An extremely rare Ashantee 1873-74 operations C.M.G. pair awarded to Lieutenant-Colonel W. A. T. Helden, Leinster Regiment, late 22nd Regiment and 3rd West India Regiment, who as C.O. of a detachment of Houssas was severely wounded with Commodore Commerell’s River Prah force in August 1873. Consists: The Most Distinguished Order of St. Michael and St. George, C.M.G., Companion’s breast badge, gold and enamel; Ashantee Medal 1873-74 with no clasp to Capt. W. A. T. Helden, 100th Regt., 73-74.

C.M.G. London Gazette 8 May 1874: ‘Major William Augustus Tryden Helden, of the 100th Regiment of Infantry, lately selected for Special Service on the Gold Coast.’ William Augustus Trydell Helden, who was born in Dublin in August 1834, was originally commissioned into the 22nd Regiment in March 1856. Advanced to Lieutenant in March 1858, he transferred to the 3rd West India Regiment in the following year, a move that led to his participation in the defence of Lower Combo in the Gambia in February 1864, when he acted as the British force’s Adjutant. He was also engaged in operations up the River Gambia in June of the same year, and was present at the reduction of Junca Cunda and Canni Canni Tenda, where he landed with the attacking party and destroyed the fort. Advanced to Captain in April 1870, Helden was placed on half-pay, but in May 1873, in his new capacity as Civil Commandant at Secondee, he was employed on special service on the Gold Coast, where he served until February of the following year. During that period he accompanied Commodore Commerell’s force up the River Prah, with a detachment of Houssas, and was severely wounded, in an action that receives due recognition in Brackenbury’s Narrative of the Ashantee War:

"On the 7th August 1873 a report had arrived from Dixcove that the Ashantis were trying to cross the Prah, two days’ journey from its mouth, into the Wassaw country to the westward, to meet the Ashantis under Akyempon, and that they were together intending to attack Dixcove and Secondee. The Commodore, on receipt of this intelligence, sent the Argus to the windward coast, and on the 13th sailed himself in the Rattlesnake for Secondee. At 9 a.m. on the 14th he left with a number of boats armed and manned, in order to proceed to Chamah, with Captain Helden, the civil commandant at Secondee, and Commander Luxmoore of the Argus, to hold a palaver with the kings and chiefs of Chamah, hoping to obtain their assistance to drive the Ashantis from an island which they were said to be holding some miles up the river. The Commodore also proposed to ascend the river Prah and ascertain something of the locality in that direction, with a view to ultimately conveying a force in boats up the river to attack the flank of the Ashantis. At ten o’clock, accompanied by Captain Helden and Commander Luxmoore, he proceeded unarmed, and with every friendly intention, and urged the chiefs to assist Her Majesty’s Government against the Ashantis. The chiefs denied that they had rendered any assistance to the Ashantis, and expressed their intention of remaining neutral in the war. The Commodore remonstrated with them, and asked the king to lend him two chiefs to accompany him up the river Prah, to make a survey of the river with his boats. This the king refused to do; but the palavering was so peaceful that the Commodore was not induced to discontinue his project.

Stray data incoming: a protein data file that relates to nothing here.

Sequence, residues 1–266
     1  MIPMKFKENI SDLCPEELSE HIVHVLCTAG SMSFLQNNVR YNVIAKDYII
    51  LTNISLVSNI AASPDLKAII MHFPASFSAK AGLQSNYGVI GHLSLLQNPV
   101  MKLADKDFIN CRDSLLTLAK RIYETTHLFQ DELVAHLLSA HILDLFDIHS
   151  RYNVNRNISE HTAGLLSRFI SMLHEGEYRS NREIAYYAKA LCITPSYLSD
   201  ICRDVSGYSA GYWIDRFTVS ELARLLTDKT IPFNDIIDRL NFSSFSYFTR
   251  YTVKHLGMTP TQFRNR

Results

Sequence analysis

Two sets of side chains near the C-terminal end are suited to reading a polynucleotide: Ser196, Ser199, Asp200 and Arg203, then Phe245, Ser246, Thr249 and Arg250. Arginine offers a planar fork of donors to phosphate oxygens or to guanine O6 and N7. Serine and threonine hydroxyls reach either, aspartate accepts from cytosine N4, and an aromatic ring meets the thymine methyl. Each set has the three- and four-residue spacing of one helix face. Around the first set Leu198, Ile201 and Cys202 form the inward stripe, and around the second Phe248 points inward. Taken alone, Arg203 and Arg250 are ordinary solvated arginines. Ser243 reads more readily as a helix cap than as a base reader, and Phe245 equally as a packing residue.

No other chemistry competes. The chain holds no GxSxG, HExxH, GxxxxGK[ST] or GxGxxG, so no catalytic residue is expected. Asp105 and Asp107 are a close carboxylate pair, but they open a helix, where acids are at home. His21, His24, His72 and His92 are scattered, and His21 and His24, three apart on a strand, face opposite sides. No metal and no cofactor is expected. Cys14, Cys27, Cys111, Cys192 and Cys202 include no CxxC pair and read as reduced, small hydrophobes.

"Embarking in his galley, a procession of boats proceeded up the river in the following order: Colonial steam-launch, under Sub. Lieutenant Cross of the Argus, with rockets on board, towing the Rattlesnake’s galley with the Commodore and Commander Luxmoore and Captain Helden on board, and followed by the steam-cutter of the Simoom, with rockets, towing a gig and whaler of the Rattlesnake. About 200 yards up the river the Colonial steam-launch broke down, and the gig remained with her, the Commodore proceeding in his galley in tow of the steam-cutter behind the whaler. The Commodore deemed it prudent to proceed on the Chamah side of the river, considering the inhabitants friendly, and that there might be marauding-parties of Ashantis on the other bank. The river was 70 or 80 yards broad, not less than six feet deep, with a current running about two miles an hour. All proceeded satisfactorily until, at about a mile and a half up river, without warning, and without any enemy being seen, a heavy fire was poured into the boats from the dense bush on the Chamah side. The Commodore was shot down and badly wounded on the right side, and Commander Luxmoore and Captain Helden were severely hit at the first discharge. The small-arm men in the boats opened fire, but the rockets could not be used, as the steam-cutter was towing boats. The boats repaired to mid-stream, and a number of men being wounded, the Commodore ordered the expedition to return to the Rattlesnake. Himself prostrated by loss of blood, his orders were carried out by Commander Luxmoore, who, nearly fainting from his wounds, continued to direct the operations till the fire from the boats had driven the enemy out of the bush. Nearly all of the officers had been shot in the back. Four of the gig’s crew fell wounded from the thwarts, while two men were shot down in the whaler. The boats were towed down the river, and reached the Rattlesnake about 6 p.m."

Helden was subsequently mentioned in despatches, given the Brevet of Major, and created a C.M.G.; he was also presented with a sword by command of the Secretary of State for the Colonies. Returning to full pay in the 100th Regiment (afterwards the Leinsters), he finally retired as a Lieutenant-Colonel in August 1884 and died in September 1896. His Ashantee 1873-74 Medal is believed to be one of just two inscribed to the 100th Regiment.